Robert Williams

Owner, Folyo Joined over 5 years ago

  • 20 stories
  • 41 comments
  • 28 upvotes
  • Posted to Summer Side Projects Guide, in reply to Néorélien L , Jul 26, 2019

    I should definitely mention somewhere that free members DO get 1/5th of the job alerts for free, incase that isn't clear - so it is a true freemium account.

    0 points
  • Posted to Summer Side Projects Guide, in reply to Jon White , Jul 04, 2019

    Hey man sorry to hear that - it is a new article but I plan to add more to it so I’d really appreciate hearing what you thought was missing!

    0 points
  • Posted to The Dribbble Experiment, in reply to Nelson Taruc , Feb 26, 2019

    Thanks! Not my exact intention (just always been curious about these tools as a designer myself) but I'll take it :D

    0 points
  • Posted to What are good sites for web design freelancers to find gigs?, Aug 30, 2018

    I usually answer questions like this with: ALL the job sites. In my experience, you'll need a pretty large selection of sites to find enough freelance opportunities. Just pick a few sites and you won't have any opportunities to reach out to daily. It's unlikely that without daily sales activity you'll be able to find enough work.

    Full disclosure, I run Folyo which does this sort of curation for you.

    1 point
  • Posted to What are some tips for a company looking to hire a freelance designer?, Jul 18, 2018

    I'd say:

    • Be open to hiring remote
    • Don't be afraid to share your budget
    • Ask for a personal touch in the application process that shows why a designer wants to work with your company and not just any company
    0 points
  • Posted to How do you design a user-centered cancelation process that also improves retention? , Jun 20, 2018

    Even the best cancelation process in the world won't have a huge effect on retention because the decision to cancel is only very rarely made inside the app in the first place.

    So focusing on gains you can get from screens inside the app miss the point.

    If I've decided to cancel the app after reviewing my finances, for example, there’s literally nothing you can say or do on a cancellation page to keep me around.

    So maybe that’s not the best place to try?

    1 point
  • Posted to A guide to RFPs I made for designers, in reply to Rhys Merritt , Jun 04, 2018

    IDK I guess created the second one because I couldn't remember the password... which was logged in on my iPad.

    1 point
  • Posted to A guide to RFPs I made for designers, in reply to Cristian Moisei , Jun 04, 2018

    A few corrections.

    1. I didn't buy Folyo. My buddy Sacha Greif (the original owner) gave it to me because it wasn't quite as profitable as he'd hoped and thought I might be able to turn it around. I've been experimenting with different business models as a result. There's a free plan where I send you projects and if you like that you can pay to get more.

    2. Workshop: http://letsworkshop.com is still around and it's helped a ton of design firms. You can call outreach to people on job boards that are looking for freelance designers shady but in that case every job board on the internet is shady, including DNs?

    0 points
  • Posted to What are some practices when hiring and managing illustrators (full time and contract)?, Jun 04, 2018
    • How/where do you source strong illustrators?

    Most people will probably say Dribbble or Behance. The problem with something like this is that looking at portfolios and contacting illustrators on platforms like this can get really time intensive. The worst part is there's no guarantee that they're available or within your budget even if you do find someone you like. As an alternate, I created a site that you can use to send out an illustration project to about 3k top-notch designers. Because it happens via email and you state clearly upfront the style and budget you have, you'll only hear back from people a) currently available for hire b) within your budget c) interested in the project. Happy to send you a link to it if interested!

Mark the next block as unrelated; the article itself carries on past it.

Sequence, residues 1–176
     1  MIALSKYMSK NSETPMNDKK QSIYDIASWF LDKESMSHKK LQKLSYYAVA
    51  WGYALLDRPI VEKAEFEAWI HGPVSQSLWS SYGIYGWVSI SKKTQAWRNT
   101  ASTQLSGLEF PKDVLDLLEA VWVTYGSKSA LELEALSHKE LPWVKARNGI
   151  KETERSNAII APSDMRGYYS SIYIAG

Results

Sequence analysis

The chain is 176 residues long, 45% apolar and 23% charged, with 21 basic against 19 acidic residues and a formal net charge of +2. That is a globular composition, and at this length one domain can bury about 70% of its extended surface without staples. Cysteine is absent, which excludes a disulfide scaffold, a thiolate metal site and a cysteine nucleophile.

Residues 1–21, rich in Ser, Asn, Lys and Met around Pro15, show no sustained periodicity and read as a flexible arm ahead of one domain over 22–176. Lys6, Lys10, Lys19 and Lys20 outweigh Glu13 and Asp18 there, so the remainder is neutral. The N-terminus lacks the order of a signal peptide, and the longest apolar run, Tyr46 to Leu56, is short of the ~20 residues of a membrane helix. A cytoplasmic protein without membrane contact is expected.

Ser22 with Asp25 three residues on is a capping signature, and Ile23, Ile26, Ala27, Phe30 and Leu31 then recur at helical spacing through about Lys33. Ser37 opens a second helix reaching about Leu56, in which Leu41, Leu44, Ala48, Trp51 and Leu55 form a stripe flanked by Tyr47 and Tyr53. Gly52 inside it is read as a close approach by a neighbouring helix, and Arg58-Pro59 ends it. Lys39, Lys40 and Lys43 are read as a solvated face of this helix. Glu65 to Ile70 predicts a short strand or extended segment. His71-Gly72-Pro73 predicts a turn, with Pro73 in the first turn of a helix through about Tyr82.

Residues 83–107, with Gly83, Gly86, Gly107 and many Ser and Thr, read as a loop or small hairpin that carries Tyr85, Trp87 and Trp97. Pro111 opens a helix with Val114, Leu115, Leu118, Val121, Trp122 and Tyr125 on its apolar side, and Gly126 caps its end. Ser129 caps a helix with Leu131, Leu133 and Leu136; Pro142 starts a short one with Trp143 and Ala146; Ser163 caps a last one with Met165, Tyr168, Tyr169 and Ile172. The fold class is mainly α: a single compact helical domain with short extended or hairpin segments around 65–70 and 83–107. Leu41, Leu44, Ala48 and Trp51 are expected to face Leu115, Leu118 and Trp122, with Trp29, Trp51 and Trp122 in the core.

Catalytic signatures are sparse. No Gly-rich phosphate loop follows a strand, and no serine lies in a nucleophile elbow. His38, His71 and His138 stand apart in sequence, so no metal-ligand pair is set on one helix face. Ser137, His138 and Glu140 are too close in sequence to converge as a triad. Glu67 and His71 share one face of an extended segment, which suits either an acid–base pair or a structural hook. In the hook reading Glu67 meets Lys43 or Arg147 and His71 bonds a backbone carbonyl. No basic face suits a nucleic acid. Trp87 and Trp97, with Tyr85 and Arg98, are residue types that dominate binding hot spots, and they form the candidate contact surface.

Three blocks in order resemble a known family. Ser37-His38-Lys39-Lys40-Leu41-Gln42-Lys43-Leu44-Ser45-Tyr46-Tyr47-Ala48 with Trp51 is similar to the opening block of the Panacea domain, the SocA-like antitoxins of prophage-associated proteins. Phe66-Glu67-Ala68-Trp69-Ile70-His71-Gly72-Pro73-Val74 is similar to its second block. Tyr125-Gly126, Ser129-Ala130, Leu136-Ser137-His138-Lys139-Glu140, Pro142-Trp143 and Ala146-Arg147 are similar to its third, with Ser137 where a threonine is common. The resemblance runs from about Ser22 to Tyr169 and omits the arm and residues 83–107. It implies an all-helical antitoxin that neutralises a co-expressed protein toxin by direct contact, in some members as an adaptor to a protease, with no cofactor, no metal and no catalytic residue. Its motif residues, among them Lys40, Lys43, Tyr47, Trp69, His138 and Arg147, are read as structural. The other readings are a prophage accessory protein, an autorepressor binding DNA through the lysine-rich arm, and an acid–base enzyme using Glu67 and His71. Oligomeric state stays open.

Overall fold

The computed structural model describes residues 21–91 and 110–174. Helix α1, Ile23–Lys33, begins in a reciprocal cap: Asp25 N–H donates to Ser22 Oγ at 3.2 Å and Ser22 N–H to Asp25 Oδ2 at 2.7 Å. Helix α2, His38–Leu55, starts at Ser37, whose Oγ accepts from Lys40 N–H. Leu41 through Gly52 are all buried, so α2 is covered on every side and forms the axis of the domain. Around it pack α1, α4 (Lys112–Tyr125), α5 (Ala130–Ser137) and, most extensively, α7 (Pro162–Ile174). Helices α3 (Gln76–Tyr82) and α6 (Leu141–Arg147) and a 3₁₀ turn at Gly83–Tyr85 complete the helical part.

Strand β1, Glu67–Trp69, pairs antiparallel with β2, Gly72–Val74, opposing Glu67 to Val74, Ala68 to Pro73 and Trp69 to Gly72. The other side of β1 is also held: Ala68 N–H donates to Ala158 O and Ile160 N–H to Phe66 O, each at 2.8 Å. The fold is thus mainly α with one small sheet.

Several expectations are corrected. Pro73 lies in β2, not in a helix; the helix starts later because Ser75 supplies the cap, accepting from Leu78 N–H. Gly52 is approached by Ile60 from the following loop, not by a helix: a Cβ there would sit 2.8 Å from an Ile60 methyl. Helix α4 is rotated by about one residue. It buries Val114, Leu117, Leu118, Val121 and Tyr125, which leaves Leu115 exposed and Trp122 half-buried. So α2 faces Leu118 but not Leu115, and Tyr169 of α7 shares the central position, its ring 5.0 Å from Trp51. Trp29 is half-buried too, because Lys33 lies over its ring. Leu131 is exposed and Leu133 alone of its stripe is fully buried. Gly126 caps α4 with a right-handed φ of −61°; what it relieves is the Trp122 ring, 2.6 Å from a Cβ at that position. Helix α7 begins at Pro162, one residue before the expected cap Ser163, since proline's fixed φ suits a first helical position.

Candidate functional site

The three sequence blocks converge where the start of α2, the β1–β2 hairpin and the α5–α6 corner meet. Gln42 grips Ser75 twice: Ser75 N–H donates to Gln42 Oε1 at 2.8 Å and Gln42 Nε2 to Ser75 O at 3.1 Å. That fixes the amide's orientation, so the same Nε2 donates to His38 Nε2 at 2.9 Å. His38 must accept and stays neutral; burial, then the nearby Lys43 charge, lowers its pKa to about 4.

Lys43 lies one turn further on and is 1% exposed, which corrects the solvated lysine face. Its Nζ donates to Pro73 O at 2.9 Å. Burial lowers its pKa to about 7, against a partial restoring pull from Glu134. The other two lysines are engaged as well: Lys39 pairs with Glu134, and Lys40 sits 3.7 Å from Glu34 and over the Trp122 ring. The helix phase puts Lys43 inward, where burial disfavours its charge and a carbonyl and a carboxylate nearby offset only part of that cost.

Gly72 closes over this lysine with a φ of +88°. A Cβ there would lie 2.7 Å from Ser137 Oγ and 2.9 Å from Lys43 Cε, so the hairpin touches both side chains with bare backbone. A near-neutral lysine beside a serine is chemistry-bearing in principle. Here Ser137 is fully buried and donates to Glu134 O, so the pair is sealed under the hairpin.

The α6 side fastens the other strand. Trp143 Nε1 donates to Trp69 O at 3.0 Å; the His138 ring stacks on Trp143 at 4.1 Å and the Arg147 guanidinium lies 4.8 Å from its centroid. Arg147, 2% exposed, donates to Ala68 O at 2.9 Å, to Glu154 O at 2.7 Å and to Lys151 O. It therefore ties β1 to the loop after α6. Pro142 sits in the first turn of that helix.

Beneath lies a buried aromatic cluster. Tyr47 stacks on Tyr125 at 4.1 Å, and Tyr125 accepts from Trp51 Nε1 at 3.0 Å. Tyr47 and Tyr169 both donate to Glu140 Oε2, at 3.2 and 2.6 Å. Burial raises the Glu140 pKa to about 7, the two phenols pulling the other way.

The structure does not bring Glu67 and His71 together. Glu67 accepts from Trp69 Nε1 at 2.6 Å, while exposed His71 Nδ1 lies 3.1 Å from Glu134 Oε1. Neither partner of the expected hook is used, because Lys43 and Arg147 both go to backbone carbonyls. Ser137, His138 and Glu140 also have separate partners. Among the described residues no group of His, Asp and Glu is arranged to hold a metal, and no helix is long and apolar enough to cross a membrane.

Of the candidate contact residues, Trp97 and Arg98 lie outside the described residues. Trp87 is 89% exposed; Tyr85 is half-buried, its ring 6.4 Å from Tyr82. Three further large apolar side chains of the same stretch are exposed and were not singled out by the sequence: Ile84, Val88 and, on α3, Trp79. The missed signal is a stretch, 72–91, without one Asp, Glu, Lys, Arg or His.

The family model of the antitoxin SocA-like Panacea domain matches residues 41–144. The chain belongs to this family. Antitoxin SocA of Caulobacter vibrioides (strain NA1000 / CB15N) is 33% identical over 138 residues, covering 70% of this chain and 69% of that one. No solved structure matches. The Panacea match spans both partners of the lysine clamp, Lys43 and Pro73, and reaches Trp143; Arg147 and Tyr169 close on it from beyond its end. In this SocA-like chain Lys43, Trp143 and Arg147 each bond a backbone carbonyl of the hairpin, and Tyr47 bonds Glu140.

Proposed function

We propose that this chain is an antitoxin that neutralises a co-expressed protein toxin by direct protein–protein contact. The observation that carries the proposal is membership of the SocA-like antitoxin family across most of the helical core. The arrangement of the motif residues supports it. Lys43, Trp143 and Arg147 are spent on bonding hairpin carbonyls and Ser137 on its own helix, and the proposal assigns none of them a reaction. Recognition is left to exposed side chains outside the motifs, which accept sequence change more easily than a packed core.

• How do you evaluate a good vs. bad illustrator (outside of their aesthetic)?

    Outside of the actual illustration work, it comes down to communication skills. This also depends on what you like. Some people like it when an illustrator is very communicative, others when they are sparse. Do you like formality? Relaxed and jokey? Deciding on what you're looking for from a communication perspective would help in deciding on an illustrator and enjoying working together. A Skype is a good way to see how well you mesh.

    • How do you successfully scope a project? I.e. do you jump right in or do you work on visual identity guidelines first?

    I've found letting the illustrator guide this to be the easiest way to figure it out. Most have a different process, so asking them upfront what they need to do their best work is totally fair and often appreciated.

    • What should you expect to pay for a strong illustrator (FT and contract)? More specifically do you pay hourly/per project/iteration etc?

    Hourly is common, however, it's probably my least preferred way of working. It mis-aligns incentives. As a client you want the work to get done as fast as possible. But by paying hourly, the illustrator is incentivized to get it done as slow as possible. Instead a per illustration fee is probably a better value for everyone. Price depends on value as well. I've paid $500-$1000 per illustration. But my business is small so the value I get for illustration is capped compared to a larger company.

    2 points
  • Posted to A guide to RFPs I made for designers, in reply to Matt C , Jun 02, 2018

    This feels like a snarky one liner instead of a real comment.

    5 points
Load more comments